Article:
Monday, January 31, 2011

The Space Shuttle Challenger Disaster – 25 Years On

Even though this tragic event never managed to halt America’s manned space exploration program, has the lessons learned from the Challenger disaster been heeded?

By: Ringo Bones

To us space exploration enthusiasts, January 28, 1986 seems like almost yesterday, and yet the date marking one of the tragic events in the history of America’s manned space exploration program as always has been observed in the usual low-key and solemn manner as the years go by. As the date marking the tragic event is now 25 years behind us, it has never seemed to dampen the folks at NASA on their drive to explore humanity’s final frontier.

At 73 seconds after lift-off, it wasn’t just the tenured crew members and schoolteacher Christa McAuliffe that had perished 25 years ago, the inner drive of space enthusiasts around the world almost perished along with Challenger’s crew. The launch of the Hubble Space Telescope was delayed to the near-detriment of the now-famed space-based telescope. The Galileo spacecraft – after a long launch delay – was launched without its famed powerful rocket boosters to be launched from low-Earth-orbit deemed too dangerous in the wake of the Challenger disaster. Instead was launched via gravity assist to a circuitous path that sent it to a detour to the planet Venus before going en route to Jupiter.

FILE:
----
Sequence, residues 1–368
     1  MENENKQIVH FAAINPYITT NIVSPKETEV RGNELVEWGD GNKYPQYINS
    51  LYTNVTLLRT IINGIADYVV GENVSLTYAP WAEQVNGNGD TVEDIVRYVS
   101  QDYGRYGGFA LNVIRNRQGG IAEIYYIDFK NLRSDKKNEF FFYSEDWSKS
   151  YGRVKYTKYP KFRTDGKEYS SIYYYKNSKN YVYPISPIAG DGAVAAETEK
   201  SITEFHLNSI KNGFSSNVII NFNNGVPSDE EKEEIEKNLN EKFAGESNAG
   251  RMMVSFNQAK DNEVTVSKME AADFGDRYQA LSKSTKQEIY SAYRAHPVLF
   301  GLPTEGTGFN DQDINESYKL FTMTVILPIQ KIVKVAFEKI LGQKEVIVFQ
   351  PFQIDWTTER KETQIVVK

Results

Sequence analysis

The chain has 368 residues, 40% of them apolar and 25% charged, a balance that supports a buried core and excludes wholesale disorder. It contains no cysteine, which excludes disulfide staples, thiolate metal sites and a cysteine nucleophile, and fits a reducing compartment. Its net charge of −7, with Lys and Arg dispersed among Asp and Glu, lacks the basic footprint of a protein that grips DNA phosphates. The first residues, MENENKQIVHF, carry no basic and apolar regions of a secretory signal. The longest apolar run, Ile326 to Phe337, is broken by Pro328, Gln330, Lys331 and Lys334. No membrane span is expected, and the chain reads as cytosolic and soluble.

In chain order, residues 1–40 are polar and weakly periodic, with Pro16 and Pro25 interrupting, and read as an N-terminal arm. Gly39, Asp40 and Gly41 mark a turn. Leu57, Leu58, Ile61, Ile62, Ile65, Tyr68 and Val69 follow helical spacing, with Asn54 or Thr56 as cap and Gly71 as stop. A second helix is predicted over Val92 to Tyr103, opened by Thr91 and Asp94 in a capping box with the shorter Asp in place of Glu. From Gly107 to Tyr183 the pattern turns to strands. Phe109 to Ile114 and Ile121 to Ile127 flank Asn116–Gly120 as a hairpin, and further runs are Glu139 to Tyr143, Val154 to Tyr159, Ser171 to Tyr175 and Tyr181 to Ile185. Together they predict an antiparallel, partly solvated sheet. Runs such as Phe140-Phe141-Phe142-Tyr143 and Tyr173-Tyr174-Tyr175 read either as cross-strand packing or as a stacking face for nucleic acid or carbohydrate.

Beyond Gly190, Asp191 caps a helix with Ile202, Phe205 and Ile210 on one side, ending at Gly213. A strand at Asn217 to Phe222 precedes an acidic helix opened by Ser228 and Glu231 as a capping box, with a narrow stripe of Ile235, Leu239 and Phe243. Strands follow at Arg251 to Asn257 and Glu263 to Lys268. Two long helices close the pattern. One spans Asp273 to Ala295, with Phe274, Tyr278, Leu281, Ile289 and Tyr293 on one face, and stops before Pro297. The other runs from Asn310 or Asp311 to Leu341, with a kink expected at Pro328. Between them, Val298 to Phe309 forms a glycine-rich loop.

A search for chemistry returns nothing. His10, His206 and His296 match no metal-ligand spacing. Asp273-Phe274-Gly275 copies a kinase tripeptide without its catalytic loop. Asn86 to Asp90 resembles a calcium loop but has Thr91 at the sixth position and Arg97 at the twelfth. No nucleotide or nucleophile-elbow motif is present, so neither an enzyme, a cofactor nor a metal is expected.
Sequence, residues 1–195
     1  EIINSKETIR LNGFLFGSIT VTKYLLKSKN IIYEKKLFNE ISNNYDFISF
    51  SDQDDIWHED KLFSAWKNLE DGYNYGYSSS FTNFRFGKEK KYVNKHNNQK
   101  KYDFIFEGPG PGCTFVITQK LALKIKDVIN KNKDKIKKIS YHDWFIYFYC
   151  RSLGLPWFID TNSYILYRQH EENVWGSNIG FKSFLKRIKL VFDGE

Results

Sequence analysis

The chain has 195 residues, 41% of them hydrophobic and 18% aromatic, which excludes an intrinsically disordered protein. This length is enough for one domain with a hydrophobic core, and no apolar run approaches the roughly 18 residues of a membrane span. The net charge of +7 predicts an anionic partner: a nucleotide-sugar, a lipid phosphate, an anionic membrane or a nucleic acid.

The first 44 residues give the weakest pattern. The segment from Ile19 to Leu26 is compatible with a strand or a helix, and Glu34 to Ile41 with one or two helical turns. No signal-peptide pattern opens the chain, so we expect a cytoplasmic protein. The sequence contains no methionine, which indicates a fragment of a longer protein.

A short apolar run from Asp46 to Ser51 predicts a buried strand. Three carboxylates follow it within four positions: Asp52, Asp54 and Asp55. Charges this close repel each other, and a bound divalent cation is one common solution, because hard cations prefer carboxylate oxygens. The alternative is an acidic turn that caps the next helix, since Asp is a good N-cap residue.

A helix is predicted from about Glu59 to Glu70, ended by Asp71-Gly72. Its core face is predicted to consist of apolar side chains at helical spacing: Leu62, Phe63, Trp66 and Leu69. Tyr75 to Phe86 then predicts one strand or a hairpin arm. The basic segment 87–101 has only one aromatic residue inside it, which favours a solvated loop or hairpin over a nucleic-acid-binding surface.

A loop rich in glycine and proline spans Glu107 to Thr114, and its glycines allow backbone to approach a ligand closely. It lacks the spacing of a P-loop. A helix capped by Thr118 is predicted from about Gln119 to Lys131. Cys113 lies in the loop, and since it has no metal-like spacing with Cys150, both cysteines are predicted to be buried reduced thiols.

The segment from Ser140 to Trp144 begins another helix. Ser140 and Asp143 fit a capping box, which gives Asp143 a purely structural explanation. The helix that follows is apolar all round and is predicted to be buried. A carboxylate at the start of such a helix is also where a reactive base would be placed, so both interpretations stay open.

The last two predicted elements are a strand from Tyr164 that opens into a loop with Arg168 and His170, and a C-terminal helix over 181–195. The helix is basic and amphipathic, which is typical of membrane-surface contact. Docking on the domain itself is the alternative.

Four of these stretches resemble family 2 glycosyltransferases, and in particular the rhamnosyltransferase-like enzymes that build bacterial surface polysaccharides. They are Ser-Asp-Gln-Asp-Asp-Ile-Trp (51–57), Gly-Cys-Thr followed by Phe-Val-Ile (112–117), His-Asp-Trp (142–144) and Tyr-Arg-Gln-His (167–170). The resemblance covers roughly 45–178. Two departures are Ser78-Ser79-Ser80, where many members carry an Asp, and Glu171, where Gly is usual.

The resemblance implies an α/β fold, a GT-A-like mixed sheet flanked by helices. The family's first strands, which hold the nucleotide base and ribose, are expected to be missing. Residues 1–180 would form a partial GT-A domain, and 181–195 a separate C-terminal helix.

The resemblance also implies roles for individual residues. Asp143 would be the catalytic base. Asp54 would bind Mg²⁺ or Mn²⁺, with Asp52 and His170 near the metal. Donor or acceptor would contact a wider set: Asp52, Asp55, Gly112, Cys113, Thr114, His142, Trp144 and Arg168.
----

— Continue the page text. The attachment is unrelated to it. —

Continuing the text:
Though the faulty O-Rings on the SRBs have been deemed the primary culprits of the Challenger explosion, the weak links of NASA’s Space Shuttle fleet was not given due diligence when falling chunks of insulation foam from the main fuel tanks caused the tragic break-up during re-entry of the Space Shuttle Columbia back in February 2003. Has the lessons of the Challenger disaster been heeded?

As America’s Space Shuttle fleet is slated to be retired because it has become increasingly uneconomic to operate and the myriad parts needed to operate them are too complex to guarantee the safety of the crew, NASA’s final Shuttle flight could happen this year. Nonetheless, we live in hope that something better and cheaper will replace NASA’s Space Shuttle fleet because manned space exploration is just too costly for all mankind to be discontinued.

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